# Calculate Angles between 2 directions in screenspace

Hello, I’m having a problem calculating an angle between 2 directions.
My scene is made of 3D cubes (1x1) and a character.
I want to calculate the angle between two adjacent cubes in relation to the character transform.forward, in screen-space as illustrated below.

The cubes are not touching each-other physically, they are separated as you can see in the editor view.
Anyway, in the 3rd picture (explanation) the dark blue line represents the character’s forward vector. This vector is the one I would like to be the origin of the angle calculation (clock-wise).
The two green dots represent the cubes position (1 and 2).
The light blue is de direction between two points.
The pink/magenta line represents the desired calculated angle.

This is what I got so far:
I convert each cube position to screen-space:

``````Vector2 cube1_2D = camera.WorldToScreenPoint(cube1.position);
Vector2 cube2_2D = camera.WorldToScreenPoint(cube2.position);
``````

After that I establish the origin using the characters position + its forward direction:

``````Vector2 character2D = camera.WorldToScreenPoint(character.position);
Vector2 characterForward2D = camera.WorldToScreenPoint(character.position + (1 * character.forward));

Vector2 origin = (characterForward2D - character2D).normalized;
``````

After that I calculate the direction of the two points:

``````Vector2 target = (cube2_2D - cube1_2D).normalized;
``````

Because of the way unity handles Vector2.Angle(), I use two variables to make the angle go from 0 to 360.

``````float sign = target.y >= 0 ? 1 : -1;
float offset = sign >= 0 ? 0 : 360;
``````

And finally the angle is calculated:

``````float angle = Vector2.Angle(origin, target) * sign + offset;
``````

The result should be 270 but I get 120.
If somebody can help me with this problem I would appreciate it very much.

I’m not sure I follow what you’re trying to do with “sign” and “offset”. Instead, I suggest you use Vector2.SignedAngle, and then if it’s less than 0 add 360.

I suspect your calculation of “origin” could be simplified. You ultimately just need a direction, not a location, so it should be possible to calculate the result using only character.forward and not character.position. Probably not important, though.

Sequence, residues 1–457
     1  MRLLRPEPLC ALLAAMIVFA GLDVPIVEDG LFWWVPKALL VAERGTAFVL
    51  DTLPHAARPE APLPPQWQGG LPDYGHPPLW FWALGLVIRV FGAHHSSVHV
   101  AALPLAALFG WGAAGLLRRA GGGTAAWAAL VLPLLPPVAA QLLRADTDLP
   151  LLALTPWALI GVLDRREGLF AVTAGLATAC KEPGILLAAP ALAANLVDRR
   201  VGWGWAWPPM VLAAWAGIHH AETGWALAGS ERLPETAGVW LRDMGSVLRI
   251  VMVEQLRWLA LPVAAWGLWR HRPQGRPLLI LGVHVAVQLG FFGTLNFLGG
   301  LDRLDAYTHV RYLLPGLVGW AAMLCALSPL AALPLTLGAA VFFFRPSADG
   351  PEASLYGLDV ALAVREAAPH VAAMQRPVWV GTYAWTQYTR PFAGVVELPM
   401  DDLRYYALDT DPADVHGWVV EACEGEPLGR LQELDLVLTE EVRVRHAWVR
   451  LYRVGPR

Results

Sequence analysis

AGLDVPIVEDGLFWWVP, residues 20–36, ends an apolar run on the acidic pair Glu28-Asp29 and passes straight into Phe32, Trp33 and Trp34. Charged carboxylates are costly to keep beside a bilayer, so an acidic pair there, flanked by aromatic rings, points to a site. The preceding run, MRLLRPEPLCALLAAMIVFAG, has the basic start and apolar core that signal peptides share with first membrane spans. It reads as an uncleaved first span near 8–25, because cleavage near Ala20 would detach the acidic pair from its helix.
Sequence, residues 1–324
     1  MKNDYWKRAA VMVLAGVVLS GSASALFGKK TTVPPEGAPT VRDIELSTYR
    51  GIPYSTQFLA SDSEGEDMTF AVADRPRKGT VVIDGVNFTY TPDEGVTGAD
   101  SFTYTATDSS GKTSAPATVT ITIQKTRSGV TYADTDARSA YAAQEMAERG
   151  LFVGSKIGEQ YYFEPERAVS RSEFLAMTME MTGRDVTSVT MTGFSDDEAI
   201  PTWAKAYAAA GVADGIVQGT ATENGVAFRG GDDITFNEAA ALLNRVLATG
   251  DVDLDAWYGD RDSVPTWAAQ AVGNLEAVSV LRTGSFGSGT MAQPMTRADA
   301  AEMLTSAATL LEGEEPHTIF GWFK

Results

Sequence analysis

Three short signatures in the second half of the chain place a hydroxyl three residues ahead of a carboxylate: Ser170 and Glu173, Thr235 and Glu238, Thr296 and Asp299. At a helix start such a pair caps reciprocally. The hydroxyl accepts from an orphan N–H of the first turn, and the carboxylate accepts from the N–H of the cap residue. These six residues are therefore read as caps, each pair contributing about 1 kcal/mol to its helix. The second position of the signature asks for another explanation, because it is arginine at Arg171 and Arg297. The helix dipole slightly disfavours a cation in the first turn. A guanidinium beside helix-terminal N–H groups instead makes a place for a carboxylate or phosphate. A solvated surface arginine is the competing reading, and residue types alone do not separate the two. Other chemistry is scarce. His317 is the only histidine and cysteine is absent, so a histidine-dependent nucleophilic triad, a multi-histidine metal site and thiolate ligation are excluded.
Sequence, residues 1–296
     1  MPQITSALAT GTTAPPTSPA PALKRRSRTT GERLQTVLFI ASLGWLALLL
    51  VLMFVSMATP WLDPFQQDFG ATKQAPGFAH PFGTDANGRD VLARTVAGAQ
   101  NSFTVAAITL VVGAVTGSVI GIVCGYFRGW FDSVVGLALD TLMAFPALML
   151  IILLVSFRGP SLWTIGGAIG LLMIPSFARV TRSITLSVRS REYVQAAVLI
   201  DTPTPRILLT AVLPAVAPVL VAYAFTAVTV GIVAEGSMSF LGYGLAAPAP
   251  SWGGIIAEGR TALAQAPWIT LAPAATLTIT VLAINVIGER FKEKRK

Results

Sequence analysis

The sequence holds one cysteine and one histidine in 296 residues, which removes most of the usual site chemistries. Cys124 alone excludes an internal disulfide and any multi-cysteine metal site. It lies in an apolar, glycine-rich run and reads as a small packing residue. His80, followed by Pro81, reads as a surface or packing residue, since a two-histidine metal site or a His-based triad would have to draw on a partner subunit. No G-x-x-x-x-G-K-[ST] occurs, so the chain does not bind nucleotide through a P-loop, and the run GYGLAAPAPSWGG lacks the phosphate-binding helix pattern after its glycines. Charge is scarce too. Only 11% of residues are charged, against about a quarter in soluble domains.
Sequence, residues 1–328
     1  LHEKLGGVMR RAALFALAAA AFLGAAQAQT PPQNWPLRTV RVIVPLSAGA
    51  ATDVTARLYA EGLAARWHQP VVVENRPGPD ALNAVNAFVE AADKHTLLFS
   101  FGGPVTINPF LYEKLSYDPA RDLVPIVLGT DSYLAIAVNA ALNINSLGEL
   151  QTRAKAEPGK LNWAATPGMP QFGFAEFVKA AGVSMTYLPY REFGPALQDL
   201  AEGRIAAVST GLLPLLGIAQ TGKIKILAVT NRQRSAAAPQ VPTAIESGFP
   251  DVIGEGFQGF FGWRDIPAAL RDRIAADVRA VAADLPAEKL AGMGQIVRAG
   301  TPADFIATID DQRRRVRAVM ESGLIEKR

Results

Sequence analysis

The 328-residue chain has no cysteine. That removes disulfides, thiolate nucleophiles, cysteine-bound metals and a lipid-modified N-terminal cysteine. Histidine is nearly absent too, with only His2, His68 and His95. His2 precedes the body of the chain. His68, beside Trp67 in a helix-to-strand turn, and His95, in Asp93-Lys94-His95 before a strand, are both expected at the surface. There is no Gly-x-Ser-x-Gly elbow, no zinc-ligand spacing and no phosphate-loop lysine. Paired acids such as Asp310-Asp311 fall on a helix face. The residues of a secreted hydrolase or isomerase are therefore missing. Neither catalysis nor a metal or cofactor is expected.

Also, you should keep in mind that cube.position is probably giving you the 3D center of the cube, but the green dots in your picture correspond to the center of the cube’s top face. If you were taking the difference between 2 identical cubes and then converting to screen coordinates, this shouldn’t matter, but since you are converting to screen coordinates first and then taking the difference, this could conceivably change your results depending on the camera’s perspective.

Thanks for the reply.
I experimented a lot before creating this post, including using only the direction forward of the character as the origin direction as you mentioned.
About the cubes position, the code shown is a simplification of what I’m currently doing. In reality the points used in the calculation are actually gameobjects children of the cube itself located at the surface.

To be honest I don’t think the way I am approaching the problem is very smart. What I want to discover is if the cubes adjacent to the one the character is on are to the left, right, front or back in relation to the character’s direction. The problem is that the cubes are adjacent when they appear to be (due to camera direction in orthographic view), they are not really near form each other in 3D.

So, another approach I did was calculating the angle in 3D between the center of the cube the character is on to each point of contact in the cube (little sphere colliders on each cube. you can see in the editor view in the picture above) and the character’s forward. (character is the transform the script is in).

``````// calculate angles in 3D foreach link in relation to the player.transform.forward
Vector3 currPivot = currPlatform.transform.GetChild(0).position;
Vector3 linkDir = contactPoint.transform.position - currPivot;

float angle = Vector3.SignedAngle(transform.forward, linkDir, transform.up);
``````

Now the angle given was 269.8 or something. Works well.
Thanks for pointing out to add 360 to the angle if the value is < zero.